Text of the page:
Next up, my take on what else will happen next year.

PPACA – another perspective

Let’s stipulate that the US health care “system” was and is a mess.  Our costs are about twice as high as other industrialized countries’, outcomes are not as good, and for consumers and purchasers, it is confusing as hell.

The question is, is PPACA making it better?

There’s no question the PPACA has a lot of flaws, several of which are being used for a series of legal challenges.  There’s a reason for that; PPACA wasn’t supposed to be the be-all and end-all bill.

The legislation that was eventually passed originated in the House, and it was only passed “as is” because Scott Brown won the Massachusetts Senate election and his seating forced passage of the House bill by the Senate.  (Brown’s election gave the GOP 41 seats, allowing for a filibuster)

I won’t get deeper into the political history of PPACA passage; wikipedia has a very good synopsis for those interested in more history. The net is, PPACA is here.  It is not going away.  And there are no alternatives out there that make any sense and/or have any chance of passage and adoption.

So PPACA has a lot of warts – so does pretty much every Congressional legislation.  We may not like it, it may drive us nuts, but it’s reality. Our legislative process is sausage-making at its finest. Or worst, depending on your perspective.

Pre-PPACA, our health care “system” was hurting our international competitiveness, driving up the Federal deficit and state and local expenditures, covering fewer and fewer people, and delivering lousy care to a large part of the US population.  Now, several years into passage, we’re starting to see indicators PPACA is having the desired effect.

Medical inflation remains relatively low.  I, and others, would argue that is in large part because of the systemic changes driven by PPACA.

Some factoids:

  • last year health care spending grew 3.6% – the lowest rate since 1960.
  • over the last four years, health care inflation has tracked GDP growth – compared to prior years when it was consistently higher than the GDP growth rate.
  • the system is getting better – serious medical errors declined by 17% between 2010 and 2013 – saving about $12 billion.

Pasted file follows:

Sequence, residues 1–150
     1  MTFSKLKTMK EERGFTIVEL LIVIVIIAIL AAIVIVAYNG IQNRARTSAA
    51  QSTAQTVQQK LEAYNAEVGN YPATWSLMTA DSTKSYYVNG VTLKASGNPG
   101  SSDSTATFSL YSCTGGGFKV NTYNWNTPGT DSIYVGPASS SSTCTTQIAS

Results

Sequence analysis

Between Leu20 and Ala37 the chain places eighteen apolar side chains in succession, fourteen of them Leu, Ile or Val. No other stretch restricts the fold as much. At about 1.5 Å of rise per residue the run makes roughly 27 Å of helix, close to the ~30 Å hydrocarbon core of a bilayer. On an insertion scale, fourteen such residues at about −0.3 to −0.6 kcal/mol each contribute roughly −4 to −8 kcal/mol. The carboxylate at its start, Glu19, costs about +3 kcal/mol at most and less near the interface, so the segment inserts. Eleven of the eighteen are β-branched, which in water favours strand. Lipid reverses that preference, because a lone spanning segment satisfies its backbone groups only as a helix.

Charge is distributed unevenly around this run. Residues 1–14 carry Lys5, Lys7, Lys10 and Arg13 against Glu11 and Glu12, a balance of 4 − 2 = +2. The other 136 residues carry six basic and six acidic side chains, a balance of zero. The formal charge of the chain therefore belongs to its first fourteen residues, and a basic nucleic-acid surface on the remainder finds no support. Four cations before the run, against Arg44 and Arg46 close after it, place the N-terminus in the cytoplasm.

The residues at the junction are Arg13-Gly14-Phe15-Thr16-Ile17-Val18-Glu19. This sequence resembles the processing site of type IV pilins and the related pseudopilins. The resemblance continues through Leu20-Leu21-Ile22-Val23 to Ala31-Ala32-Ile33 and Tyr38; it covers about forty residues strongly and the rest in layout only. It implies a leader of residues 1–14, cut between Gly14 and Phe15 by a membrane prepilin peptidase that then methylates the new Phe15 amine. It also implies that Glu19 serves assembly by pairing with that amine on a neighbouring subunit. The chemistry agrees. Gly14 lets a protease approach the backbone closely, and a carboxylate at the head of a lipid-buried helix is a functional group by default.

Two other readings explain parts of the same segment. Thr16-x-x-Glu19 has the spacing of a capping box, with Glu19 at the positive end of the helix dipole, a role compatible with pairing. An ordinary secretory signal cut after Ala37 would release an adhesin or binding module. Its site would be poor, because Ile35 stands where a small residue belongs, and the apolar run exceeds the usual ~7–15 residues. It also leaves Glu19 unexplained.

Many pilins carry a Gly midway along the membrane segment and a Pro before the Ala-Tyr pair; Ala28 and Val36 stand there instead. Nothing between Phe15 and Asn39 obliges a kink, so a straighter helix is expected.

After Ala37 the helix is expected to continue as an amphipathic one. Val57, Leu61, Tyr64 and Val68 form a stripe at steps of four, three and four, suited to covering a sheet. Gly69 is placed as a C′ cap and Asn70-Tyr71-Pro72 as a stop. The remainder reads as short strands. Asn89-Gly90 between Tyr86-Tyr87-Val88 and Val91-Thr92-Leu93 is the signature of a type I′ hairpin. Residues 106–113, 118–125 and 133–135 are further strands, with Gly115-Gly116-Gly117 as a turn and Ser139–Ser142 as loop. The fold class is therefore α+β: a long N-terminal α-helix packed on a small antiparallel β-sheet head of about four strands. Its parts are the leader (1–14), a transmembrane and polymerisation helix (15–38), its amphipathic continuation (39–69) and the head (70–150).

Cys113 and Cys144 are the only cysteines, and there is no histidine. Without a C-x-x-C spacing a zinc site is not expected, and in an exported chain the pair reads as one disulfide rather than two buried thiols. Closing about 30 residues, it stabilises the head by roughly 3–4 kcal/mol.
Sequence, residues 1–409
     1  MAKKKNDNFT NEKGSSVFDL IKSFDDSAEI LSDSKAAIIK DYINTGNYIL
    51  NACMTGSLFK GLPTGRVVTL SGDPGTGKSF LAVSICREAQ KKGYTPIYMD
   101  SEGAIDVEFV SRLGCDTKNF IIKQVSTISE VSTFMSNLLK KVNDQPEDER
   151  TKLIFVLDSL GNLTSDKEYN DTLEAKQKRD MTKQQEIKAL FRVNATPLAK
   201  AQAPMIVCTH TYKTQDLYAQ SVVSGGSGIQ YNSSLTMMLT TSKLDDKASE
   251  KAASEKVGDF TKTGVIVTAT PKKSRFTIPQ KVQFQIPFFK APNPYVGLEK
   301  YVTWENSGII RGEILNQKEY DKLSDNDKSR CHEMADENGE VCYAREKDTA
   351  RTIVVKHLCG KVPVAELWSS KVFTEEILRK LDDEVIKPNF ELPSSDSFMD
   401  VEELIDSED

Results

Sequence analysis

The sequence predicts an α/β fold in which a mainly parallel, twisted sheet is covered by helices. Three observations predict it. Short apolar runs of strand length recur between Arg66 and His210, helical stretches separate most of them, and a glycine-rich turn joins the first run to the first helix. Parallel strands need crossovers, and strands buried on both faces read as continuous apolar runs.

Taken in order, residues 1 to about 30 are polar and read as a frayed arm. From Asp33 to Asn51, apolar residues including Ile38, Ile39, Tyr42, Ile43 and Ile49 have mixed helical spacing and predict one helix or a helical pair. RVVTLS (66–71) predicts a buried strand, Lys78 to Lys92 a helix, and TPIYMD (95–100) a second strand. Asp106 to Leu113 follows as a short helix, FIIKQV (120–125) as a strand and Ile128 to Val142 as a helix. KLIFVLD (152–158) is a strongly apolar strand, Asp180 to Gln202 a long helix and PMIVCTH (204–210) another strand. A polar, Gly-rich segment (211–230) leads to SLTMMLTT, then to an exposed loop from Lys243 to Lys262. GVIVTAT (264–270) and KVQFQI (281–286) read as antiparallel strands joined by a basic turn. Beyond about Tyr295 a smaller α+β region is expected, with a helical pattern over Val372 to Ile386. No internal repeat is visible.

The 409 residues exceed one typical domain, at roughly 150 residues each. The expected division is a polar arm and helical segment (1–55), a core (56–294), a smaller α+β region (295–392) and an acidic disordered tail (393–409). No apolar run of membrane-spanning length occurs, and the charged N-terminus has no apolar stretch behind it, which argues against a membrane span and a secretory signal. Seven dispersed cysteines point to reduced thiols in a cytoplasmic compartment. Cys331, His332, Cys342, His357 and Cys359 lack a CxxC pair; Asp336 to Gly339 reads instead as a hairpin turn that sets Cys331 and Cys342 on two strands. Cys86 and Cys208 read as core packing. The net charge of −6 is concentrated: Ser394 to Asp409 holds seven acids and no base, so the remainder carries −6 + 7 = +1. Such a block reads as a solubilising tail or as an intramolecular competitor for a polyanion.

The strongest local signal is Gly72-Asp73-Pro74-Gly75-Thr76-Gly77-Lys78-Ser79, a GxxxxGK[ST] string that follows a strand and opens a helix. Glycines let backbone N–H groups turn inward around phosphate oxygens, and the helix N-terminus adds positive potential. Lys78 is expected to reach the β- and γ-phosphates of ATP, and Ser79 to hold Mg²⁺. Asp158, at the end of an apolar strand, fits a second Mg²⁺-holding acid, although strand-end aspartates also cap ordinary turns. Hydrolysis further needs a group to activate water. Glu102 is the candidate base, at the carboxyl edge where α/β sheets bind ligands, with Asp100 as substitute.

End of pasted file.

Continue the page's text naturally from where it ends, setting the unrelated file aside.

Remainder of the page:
• Medicare inflation is flat.  In fact, CBO projections for Medicare expenditures in 2019 have dropped by $95 billion over the last four years. As Medicare utilization isn’t really affected by the economy, that’s a pretty solid indicator that the program is more sustainable than we thought just a few years ago.
  • Medicaid costs are up – as we’d expect them to be.

Overall, things are improving, rather dramatically - but not without pain.  Narrow networks, lower earnings for some doctors, higher insurance costs for some employers and consumers, a financial squeeze for many hospitals, all are real and painful.

What does this mean for you?

Fixing very big problems is ugly, thankless, and rife with collateral damage.  It’s also absolutely necessary.


York’s acquisition of MCMC is done

There won’t be an official announcement, but word will go out to employees tomorrow – the long-pending York-MCMC deal is done.

I spoke at length with a (very) senior York executive earlier today; this person did not want his/her name used, not to maintain confidentiality, but to keep the focus where the company wants it to be – on MCMC and Wellcomp and management of those organizations.

MCMC will remain intact, as will Wellcomp, York’s medical management subsidiary.  Mike Lindberg will continue to run MCMC and Doug Markham stays in the top spot at Wellcomp with no changes to management or operations at either organization.  Unlike other “business as usual” pronouncements we’ve read of late (TechHealth, Genex among them), I take this at face value.  The parent company is looking to enhance MCMC’s offerings with services provided by Wellcomp and vice versa, the idea being prospects and customers can get a broader array of services from the overall entity.

From an organizational standpoint, both MCMC and Wellcomp will report up to the overall holding company.

One concern I’ve heard is that York will pull MCMC back from some of their carrier/TPA relationships, this will NOT happen.  First, it makes no sense financially; a lot of MCMC’s revenue comes from other payers.  Second, York currently provides claims and other services to lots of insurance carriers and other payers; MCMC’s diverse client portfolio sort of mimics York’s.

What does this mean for you?

Back to the lede – no official announcement is coming because York and MCMC don’t want to raise concerns about potential changes.  That’s also one of the main reasons they didn’t hurry to get it done so it could be announced in Las Vegas; it isn’t about creating a PR buzz, it’s about stability.

From what I hear from people I trust, there shouldn’t be concerns.